... because you might get it.
A news report claims that "COVID-19 is pushing Americans to want more government involvement in their lives".
A survey taken during the height of the health crisis finds COVID-19 may have pushed more people to want government to play a bigger role in their lives ... A team from Johns Hopkins Bloomberg School of Public Health and the Johns Hopkins University SNF Agora Institute say support for an active government role in society jumped over 40 percent between September 2019 and April 2020. The World Health Organization declared COVID-19 a global pandemic in March.
While some policies are still not very popular, a majority of respondents have gotten behind creating more government safety nets for healthcare, unemployment, and income. Nearly 1,500 adults were polled in mid-April regarding 11 government policies including paid sick leave, universal health insurance, income support, business tax credits, and employment education.
The poll, conducted using NORC’s Amerispeak Panel, reveals overwhelming support for reform from those wanting a more active government.
There's more at the link.
I suppose it's natural for those who find themselves out of work, and short of money, to want help from those who they see as able to provide it. Unfortunately, the government doesn't have its own money. It has only what it takes from taxpayers (or prints as deficit spending, which must be repaid by taxpayers sooner or later). In other words, what it hands out to one must be taken back from them, or from another, sooner or later - and we're the ones who'll do the paying. Even if we aren't paying payroll taxes directly, we'll pay for it in higher indirect taxation (i.e. sales tax, customs duties, and so on).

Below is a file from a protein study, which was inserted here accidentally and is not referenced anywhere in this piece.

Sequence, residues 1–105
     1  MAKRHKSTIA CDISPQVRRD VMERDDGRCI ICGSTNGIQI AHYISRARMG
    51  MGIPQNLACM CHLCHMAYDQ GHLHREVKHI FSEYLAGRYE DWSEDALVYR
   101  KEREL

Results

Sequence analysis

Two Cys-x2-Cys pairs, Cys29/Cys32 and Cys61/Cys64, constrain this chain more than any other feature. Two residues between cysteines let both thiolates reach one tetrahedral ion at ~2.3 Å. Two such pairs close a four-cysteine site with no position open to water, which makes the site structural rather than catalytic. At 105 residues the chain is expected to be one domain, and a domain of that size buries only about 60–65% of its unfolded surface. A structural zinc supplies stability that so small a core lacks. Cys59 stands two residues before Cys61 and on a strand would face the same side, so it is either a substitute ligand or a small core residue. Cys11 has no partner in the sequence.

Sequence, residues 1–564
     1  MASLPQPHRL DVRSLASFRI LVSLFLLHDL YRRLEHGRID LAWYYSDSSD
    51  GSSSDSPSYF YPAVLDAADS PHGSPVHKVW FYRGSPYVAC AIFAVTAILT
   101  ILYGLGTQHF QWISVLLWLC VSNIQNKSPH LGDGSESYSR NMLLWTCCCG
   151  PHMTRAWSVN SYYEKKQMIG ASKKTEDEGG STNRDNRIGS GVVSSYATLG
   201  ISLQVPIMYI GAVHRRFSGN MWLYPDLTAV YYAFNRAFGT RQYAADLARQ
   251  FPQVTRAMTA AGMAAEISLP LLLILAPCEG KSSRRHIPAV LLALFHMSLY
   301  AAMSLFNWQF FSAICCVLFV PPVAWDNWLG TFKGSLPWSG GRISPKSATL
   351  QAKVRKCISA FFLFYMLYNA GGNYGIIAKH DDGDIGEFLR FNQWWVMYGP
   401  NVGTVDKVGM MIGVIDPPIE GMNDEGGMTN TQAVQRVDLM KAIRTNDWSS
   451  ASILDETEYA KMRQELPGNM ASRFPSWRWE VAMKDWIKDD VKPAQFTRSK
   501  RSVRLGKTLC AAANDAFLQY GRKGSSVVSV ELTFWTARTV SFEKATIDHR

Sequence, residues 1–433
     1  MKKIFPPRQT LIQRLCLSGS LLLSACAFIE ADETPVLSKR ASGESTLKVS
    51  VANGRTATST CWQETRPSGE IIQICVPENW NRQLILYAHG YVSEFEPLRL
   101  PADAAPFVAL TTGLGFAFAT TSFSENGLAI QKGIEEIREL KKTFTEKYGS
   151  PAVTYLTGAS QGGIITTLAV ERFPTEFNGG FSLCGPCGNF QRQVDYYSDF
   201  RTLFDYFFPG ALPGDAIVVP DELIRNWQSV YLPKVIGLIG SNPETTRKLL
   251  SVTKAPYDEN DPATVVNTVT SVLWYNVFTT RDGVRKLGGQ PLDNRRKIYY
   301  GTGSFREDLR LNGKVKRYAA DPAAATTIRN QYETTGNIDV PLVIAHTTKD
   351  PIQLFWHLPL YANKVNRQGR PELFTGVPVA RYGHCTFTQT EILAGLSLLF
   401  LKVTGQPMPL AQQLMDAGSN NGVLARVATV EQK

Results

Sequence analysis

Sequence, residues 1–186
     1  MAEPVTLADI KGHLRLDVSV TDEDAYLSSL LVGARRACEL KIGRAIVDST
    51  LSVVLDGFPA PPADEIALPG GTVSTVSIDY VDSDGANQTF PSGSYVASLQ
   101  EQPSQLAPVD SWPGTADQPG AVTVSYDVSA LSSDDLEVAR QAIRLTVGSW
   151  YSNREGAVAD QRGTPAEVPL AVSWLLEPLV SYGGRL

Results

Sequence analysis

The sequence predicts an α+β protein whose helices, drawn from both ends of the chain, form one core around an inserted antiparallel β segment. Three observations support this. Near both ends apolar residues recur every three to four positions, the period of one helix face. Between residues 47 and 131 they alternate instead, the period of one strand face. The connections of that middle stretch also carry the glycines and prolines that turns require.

The late President Ford issued a prescient warning:
That's all too true. There's an old adage, attributed to many sources, that "Government, like fire, is a dangerous servant and a fearful master". Once we become dependent on our government for our survival, we basically surrender our independence to it. Government is then no longer "of the people, by the people, and for the people": it's for the benefit of whoever controls it - and there will always be people behind the scenes who exercise faceless, unfettered and remorseless control.
It boils down to a matter of trust, as we discussed earlier this morning. Can we trust government to trust us? Or will government fundamentally distrust us, and seek to use the assistance it can provide to control us? I'm afraid it's mostly the latter. I've seen that at work in the third world, all too often. A government there will coordinate food aid during a famine, or relief efforts during an outbreak of disease, or help to deal with whatever the crisis du jour may be. However, there are always strings attached. If your region didn't elect politicians favorable to the government, you'll get a lot less aid than areas that did support the government. If the government is dominated by one tribe, other tribes will get short shrift. If your area has natural riches of any sort, the cream will be skimmed off the top of any deal to exploit them - and it'll go to "connected" officials and tribal leaders, not to the ordinary people of the area. I could produce endless examples, but you can look them up for yourselves. They're endemic.
(Of course, the situation isn't much different in the USA. Look at the number of "big government" projects that have resulted in billions being skimmed off the top in graft and corruption. Boston's "Big Dig" is a good example. So is California's light rail
project fiasco. There are examples in every state, I'm sure. Corruption seems to go hand-in-glove with government.)
The more we depend on government, the more government will change from being a public servant to a public master. That's a very dangerous road to go down.